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Zinda Laash

The Living Corpse

Pakistan 1967
directed by Khwaja Sarfaraz
starring Habib, Rehan, Asad, Yasmeena, Nasseen, Talish, Deeba
based on Dracula by Bram Stoker


review by
Mike Haberfelner

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After years of research, professor Tabani (Rehan) has found the formula for eternal life. He immediatels drinks it ... & dies. The same night though, he re-emerges from his coffin as a vampire, & the first one he attacks is his female assistant ...

Years later: Aqil (Asad) stops by Tabani's manor, & even though he is an uninvited guest, Tabani welcomes him kindly & offers him a room for the night, & he also falls in love with a photograph of Aquil's fiancee, Shabnam (Deeba). Later that night though, Tabani's assistant tries to first seduce Aqil, & when he has succumbed to her, bite him, but Aqil is saved in the last minute by Tabani, who throws a baby at her feet for food. Aqil's situation does not improve significantly however, since Tabani only wants him for himself & locks him into his room. Aqil manages to escape the room though & get to the basement, where he stakes Tabani's assistant. Tabani himself though is only awakened by that & bites & vampirizes Aqil. A few days later, when Aqil's brother, only called the doctor (Habib) goes looking for him in Tabani's manor, though, only finds him in the basement, turned into a vampire complete with fangs, & stakes him. Later, he has to break the news to Shabnam, her brother Parvez & his wife Shirin, who hesitate to believe in the fantastic tale he tells. Then Shabnam suffers from a severe bloodloss though - it's Tabani's doing of course -, & despite the doctor's precautions soon dies. If that wasn't enough, soon some children are found in that area, dead & drained of all & any blood. Finally the doctor can convince Parvez that Shabnam really has become a vampire & they go to the cemetary to stake her. Then they figure out that Tabani might be behind all this, but while they are preparing to go vampire hunting, he abducts Parvez' wife Shirin. After some car chases & a massive fight in Tabani's manor, the doctor & Parvez manage to expose the vampire to sunlight & kill him ...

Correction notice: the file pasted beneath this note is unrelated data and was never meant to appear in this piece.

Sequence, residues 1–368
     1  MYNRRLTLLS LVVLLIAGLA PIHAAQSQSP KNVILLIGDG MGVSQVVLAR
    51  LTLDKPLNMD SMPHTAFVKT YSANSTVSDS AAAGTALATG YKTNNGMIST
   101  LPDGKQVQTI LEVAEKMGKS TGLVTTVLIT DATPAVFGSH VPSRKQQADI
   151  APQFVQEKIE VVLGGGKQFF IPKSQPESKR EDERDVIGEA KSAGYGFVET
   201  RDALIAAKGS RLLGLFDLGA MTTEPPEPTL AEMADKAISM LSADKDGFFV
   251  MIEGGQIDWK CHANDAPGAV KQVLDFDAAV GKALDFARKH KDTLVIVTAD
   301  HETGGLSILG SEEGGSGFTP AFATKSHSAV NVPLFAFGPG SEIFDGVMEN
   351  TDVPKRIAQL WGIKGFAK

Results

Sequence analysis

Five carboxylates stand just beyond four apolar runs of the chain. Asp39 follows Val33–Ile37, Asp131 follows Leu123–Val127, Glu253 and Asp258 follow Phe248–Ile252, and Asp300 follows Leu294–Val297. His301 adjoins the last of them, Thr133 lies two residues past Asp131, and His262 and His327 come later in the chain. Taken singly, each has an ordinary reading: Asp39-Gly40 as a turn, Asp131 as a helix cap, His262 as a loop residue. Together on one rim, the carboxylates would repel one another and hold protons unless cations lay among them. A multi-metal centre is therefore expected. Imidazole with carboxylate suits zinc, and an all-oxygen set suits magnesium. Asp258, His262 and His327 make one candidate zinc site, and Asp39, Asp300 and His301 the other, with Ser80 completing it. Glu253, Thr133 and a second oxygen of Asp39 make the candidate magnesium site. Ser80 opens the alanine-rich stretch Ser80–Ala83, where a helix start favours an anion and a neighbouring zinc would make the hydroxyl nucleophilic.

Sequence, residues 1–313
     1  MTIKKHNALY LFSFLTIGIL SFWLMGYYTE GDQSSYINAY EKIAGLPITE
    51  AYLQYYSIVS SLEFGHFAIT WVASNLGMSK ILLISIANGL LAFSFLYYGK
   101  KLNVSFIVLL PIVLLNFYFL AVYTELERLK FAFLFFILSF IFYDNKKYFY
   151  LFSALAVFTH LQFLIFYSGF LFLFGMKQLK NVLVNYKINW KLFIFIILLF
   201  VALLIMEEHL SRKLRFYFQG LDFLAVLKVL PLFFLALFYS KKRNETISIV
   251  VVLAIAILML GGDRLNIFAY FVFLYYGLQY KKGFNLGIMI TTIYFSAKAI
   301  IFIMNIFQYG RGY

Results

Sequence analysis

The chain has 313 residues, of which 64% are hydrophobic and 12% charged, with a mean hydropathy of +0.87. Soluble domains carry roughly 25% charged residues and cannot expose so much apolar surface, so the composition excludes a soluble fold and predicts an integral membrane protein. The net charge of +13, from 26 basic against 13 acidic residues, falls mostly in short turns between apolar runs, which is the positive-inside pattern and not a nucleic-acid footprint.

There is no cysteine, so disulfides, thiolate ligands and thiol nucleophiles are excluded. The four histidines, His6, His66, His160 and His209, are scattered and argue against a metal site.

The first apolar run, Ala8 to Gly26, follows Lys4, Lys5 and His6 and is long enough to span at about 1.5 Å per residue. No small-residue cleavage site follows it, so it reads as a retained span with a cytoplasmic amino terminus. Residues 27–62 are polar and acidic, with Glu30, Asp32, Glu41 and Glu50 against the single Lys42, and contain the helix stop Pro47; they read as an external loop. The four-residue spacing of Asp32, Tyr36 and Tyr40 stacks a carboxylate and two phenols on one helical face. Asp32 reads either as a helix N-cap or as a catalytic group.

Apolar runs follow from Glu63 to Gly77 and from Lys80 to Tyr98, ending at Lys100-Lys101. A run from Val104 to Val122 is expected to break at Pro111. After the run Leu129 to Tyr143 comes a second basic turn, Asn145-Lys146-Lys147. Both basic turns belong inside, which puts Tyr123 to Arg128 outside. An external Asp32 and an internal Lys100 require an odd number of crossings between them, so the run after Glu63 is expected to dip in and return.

Despite taking place in swinging 60's Pakistan - including then contemorary fashion, interior designs & cars - this is a thinly disguised adaptation of Bram Stoker's Dracula in all but name, & it also borrows quite deliberately from more famous versions of that novel, namely those produced by Universal & Hammer, of course. Still, the updated look & exotic settings in this case actually work for the movie, giving the (even then) much repeated story a new spin without making it a contradiction in itself. Some song-&-dance routines also liven up the proceedings, making this one - if far from a masterpiece - an enjoyable little chiller. 


review © by Mike Haberfelner


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Robots and rats,
demons and potholes,
cuddly toys and
shopping mall Santas,
love and death and everything in between,
Tales to Chill
Your Bones to

is all of that.


Tales to Chill
Your Bones to
a collection of short stories and mini-plays
ranging from the horrific to the darkly humourous,
from the post-apocalyptic
to the weirdly romantic,
tales that will give you a chill and maybe a chuckle, all thought up by
the twisted mind of
screenwriter and film reviewer
Michael Haberfelner.


Tales to Chill
Your Bones to

the new anthology by
Michael Haberfelner


Out now from




On the same day
a Burglar wants to kill you
and your Ex wants
to make up ...
... and for the life of it,
you can't decide


A Killer Conversation

produced by and starring
Melanie Denholme
directed by
David V.G. Davies
written by
Michael Haberfelner
Ryan Hunter and
Rudy Barrow

out now on DVD